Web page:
This Retired DC Cop Is Teaching Kids to Box, and He’s Not Playing Around

This Retired DC Cop Is Teaching Kids to Box, and He’s Not Playing Around

Tony’s Boxing Gym doesn’t look like much from the outside. The squat building on a shabby stretch of Mount Olivet Road in Northeast DC used to be a service shop for dump trucks. Inside, though, is another world. A red-white-and-blue ring consumes much of the space. Weekday afternoons, dozens of kids—such as Adam Dinkins Jr., pictured—line up for jumping jacks and push-ups, then take turns sparring. “I want to be a champion,” says an 11-year-old hanging out near the weight machines.

The place is run by Tony Bell, a retired DC police sergeant who knows firsthand the peril that can await kids with too much time and too little supervision. Though he and his staff train boxers of all ages, they’re especially invested in the afterschool set. Boxing, says Bell, is perfect for instilling hard work, discipline, and respect.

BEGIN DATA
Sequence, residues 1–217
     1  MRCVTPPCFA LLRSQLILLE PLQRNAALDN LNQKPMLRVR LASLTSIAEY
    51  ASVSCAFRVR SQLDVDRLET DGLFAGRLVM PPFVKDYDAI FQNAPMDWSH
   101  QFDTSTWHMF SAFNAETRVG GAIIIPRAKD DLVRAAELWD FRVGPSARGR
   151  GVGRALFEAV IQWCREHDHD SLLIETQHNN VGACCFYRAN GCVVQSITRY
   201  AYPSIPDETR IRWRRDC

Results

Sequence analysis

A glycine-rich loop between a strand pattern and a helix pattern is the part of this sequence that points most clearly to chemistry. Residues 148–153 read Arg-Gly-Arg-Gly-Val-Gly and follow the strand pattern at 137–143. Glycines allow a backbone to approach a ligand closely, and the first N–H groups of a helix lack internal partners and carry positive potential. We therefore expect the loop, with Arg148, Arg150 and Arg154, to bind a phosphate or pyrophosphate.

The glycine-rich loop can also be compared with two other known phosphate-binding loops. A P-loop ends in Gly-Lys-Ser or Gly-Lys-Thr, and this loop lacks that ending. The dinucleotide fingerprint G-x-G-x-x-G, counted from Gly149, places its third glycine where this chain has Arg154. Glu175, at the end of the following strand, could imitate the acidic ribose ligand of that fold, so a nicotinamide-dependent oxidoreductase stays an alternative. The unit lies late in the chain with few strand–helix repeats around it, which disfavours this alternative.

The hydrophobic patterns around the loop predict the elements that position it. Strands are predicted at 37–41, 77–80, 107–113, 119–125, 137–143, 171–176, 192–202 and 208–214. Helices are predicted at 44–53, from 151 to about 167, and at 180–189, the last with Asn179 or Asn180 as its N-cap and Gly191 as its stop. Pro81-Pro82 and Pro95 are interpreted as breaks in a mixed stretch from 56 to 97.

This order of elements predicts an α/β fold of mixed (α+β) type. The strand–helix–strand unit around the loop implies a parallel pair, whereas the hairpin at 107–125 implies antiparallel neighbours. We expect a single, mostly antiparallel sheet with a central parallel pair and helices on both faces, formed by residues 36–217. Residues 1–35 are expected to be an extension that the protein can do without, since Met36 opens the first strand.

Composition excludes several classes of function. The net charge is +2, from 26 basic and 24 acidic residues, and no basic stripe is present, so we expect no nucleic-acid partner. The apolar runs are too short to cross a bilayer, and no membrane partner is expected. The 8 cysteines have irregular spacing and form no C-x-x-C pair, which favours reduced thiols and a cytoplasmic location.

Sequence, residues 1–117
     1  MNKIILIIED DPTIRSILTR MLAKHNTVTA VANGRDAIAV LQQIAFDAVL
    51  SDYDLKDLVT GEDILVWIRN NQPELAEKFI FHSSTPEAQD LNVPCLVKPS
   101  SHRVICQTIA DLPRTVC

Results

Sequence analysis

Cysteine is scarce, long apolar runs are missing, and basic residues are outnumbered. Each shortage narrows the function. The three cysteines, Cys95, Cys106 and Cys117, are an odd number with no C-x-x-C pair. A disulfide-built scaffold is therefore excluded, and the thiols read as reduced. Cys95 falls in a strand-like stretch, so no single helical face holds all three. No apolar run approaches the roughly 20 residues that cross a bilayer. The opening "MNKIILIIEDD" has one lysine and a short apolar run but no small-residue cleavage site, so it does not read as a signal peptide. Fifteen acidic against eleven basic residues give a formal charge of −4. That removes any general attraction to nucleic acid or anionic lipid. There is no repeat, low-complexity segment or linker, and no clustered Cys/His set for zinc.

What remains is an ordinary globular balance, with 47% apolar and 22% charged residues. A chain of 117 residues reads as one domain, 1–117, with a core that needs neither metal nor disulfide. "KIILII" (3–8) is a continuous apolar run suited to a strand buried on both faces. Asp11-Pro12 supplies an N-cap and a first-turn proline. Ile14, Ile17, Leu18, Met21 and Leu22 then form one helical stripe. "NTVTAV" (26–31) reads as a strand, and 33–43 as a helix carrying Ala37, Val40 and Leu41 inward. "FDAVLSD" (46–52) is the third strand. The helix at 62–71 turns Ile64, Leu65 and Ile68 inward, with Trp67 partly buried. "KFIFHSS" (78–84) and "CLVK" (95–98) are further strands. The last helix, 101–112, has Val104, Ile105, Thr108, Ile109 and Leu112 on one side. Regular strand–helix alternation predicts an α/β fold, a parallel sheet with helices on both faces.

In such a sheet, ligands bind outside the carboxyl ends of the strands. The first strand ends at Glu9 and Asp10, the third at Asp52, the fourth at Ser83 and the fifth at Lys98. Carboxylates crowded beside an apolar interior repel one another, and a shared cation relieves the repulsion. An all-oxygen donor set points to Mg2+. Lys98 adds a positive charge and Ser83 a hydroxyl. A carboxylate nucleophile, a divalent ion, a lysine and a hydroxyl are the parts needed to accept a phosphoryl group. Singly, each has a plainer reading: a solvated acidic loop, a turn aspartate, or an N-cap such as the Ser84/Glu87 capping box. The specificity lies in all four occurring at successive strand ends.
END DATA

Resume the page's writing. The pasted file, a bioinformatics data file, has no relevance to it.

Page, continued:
Sometimes the kids talk about problems at home or school, and coaches try to help. Head conditioning coach Abdul Saleem has paid visits to the elementary school up the street to alert administrators to bullying. Which isn’t to say he goes easy on the young athletes. “We don’t play in here,” Saleem says. “As soon as you come in the door, you work or you get out. This is not a daycare center.”

Retired DC police sergeant Tony Bell.
Adam Dinkins Jr., 11, and trainer Larry Bailey.
Endi Carter with trainer Orlando “Hollywood” Hollis.

This article appears in the October 2017 issue of Washingtonian.

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Senior Editor

Marisa M. Kashino joined Washingtonian in 2009 as a staff writer, and became a senior editor in 2014. She was previously a reporter for Legal Times and the National Law Journal. She has recently written about the Marriott family’s civil war and the 50-year rebirth of 14th Street, and reported the definitive oral history of the Lorena and John Wayne Bobbitt case. She lives in Northeast DC with her husband, two dogs, and two cats.